After eight years of marriage, my husband and I finally bought a house.
Let me first start by saying I've never lived in a house. My childhood was spent in southern California, where condos were much more the norm. When we moved to Nebraska, we lived in a spacious, maintenance-free apartment.
I grew accustomed to apartment living. My husband, however, did not, and has let me know that since we moved in together. Now, we’re finally in a place where we can own our own home, and I’m excited — and slightly terrified. Here are some of the joys a house might bring and some of the things I’m not looking forward to.
What I can’t wait for:
1. Having space. Apartment life means we’re a little cramped. It’s hard to be alone when there isn’t a place to escape to, and having a place to be alone is important — even for kids. Kids need a private space to unwind, to be upset, to create and to be alone with their thoughts.
2. Having a yard. Everyone keep telling me that kids need a yard — a space where they can run and play. We will finally have a space to let the kids be kids, dirt and all.
3. Something to make our own. In an apartment, you’re limited in what changes you can make, if any. A house will give us the opportunity to create something that is uniquely ours.
4. Building equity. Over the years we have paid close to $115,000 in rent, with nothing tangible to show for it. We can finally start building equity for our future.
5. Having a basement. This is probably not for the reasons you think. You see, I am terrified of tornadoes. Living on the third floor of an apartment with no basement or storm shelter and hearing the sirens or weather radio go off in the middle of the night is one of the most panic-inducing sounds. I am very much looking forward to having a basement.
6. Quiet (and lack thereof). I am looking forward to not hearing the neighbors’ every fight, boisterous party or hallway conversation. Even more exciting is being able to let the kids play noisily without fear of upset neighbors.
What I’m dreading:
1. Leaving behind memories. This apartment was our first home as a family, the only home the kids have ever really known. It is where I became a wife, a graduate and a mother for the second time. It’s where holidays happened, children met milestones, etc. Our family had many firsts here. It’s a difficult thing to think someone else will now occupy our space.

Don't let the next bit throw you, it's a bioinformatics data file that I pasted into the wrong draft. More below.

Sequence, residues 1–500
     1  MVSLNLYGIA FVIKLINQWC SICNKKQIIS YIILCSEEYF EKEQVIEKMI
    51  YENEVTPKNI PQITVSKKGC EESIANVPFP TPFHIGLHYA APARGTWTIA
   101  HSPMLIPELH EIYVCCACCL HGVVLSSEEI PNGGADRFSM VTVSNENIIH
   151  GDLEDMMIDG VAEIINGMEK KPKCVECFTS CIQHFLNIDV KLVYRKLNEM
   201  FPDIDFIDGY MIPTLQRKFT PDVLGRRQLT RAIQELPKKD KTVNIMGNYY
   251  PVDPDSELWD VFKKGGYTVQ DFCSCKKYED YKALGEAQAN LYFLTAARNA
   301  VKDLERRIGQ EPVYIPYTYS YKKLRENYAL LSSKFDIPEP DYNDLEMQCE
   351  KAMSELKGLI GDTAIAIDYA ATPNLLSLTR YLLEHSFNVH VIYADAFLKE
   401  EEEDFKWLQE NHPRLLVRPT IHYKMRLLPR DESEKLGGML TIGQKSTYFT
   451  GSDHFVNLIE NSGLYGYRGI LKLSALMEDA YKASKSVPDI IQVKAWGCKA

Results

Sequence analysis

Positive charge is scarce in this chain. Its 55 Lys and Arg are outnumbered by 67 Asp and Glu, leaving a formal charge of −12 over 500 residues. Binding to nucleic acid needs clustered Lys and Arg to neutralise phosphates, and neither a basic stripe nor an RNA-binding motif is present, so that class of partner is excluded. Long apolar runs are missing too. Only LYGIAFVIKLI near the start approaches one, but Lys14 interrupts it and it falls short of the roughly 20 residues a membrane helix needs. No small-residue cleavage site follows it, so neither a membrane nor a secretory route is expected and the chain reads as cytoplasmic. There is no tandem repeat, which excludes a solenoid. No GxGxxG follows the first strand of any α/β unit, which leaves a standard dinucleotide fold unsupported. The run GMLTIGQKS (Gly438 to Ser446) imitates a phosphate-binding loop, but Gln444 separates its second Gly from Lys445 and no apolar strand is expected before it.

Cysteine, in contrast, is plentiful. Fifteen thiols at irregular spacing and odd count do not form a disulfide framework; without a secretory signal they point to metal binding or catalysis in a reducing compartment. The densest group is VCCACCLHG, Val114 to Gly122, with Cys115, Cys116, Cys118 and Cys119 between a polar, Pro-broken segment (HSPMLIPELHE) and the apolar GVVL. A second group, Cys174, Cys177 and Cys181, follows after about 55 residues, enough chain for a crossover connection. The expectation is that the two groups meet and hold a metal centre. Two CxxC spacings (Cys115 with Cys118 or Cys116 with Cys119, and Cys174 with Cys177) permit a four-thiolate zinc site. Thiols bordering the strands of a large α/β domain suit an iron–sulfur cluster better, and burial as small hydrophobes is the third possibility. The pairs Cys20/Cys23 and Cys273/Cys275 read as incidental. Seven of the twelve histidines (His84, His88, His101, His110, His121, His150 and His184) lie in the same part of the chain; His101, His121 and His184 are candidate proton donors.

2. Having a yard. This one makes an appearance here, too. I’ve never been the outdoorsy type; I’d take a pool over a yard any day. Not only do I not need the outdoors, it becomes a chore to maintain it — no matter the season.
3. Becoming the taxi. We are just far enough away from everything that I will have to shuttle my three kids — who attend three different schools and have a myriad of activities — to and from everything.
4. Moving farther from family. I am incredibly fortunate at the amount of help I have received over the years from family members. With the move, the assistance from family will become much more limited.
5. Maintenance. One of the perks you pay for in an apartment is on-call maintenance. If an appliance goes out, they replace it. If your roof leaks, they patch it. If it snows 12 inches, they shovel it. I am not looking forward to taking these tasks — and costs — on by ourselves.
6. Purging and packing. Moving is emotionally draining. It's hard to go through closets and keepsakes and decide what’s worth saving and what I finally need to let go of. Moving has made me feel overwhelmed with sentiment.
I know I’ll miss the place we’ve called home all these years — probably even more than I’m anticipating — but I’m sure we’ll make this new space home soon enough.
Shea Saladee lives in Papillion with her husband, Brent, and their three children. She works as an instructor at the University of Nebraska Omaha.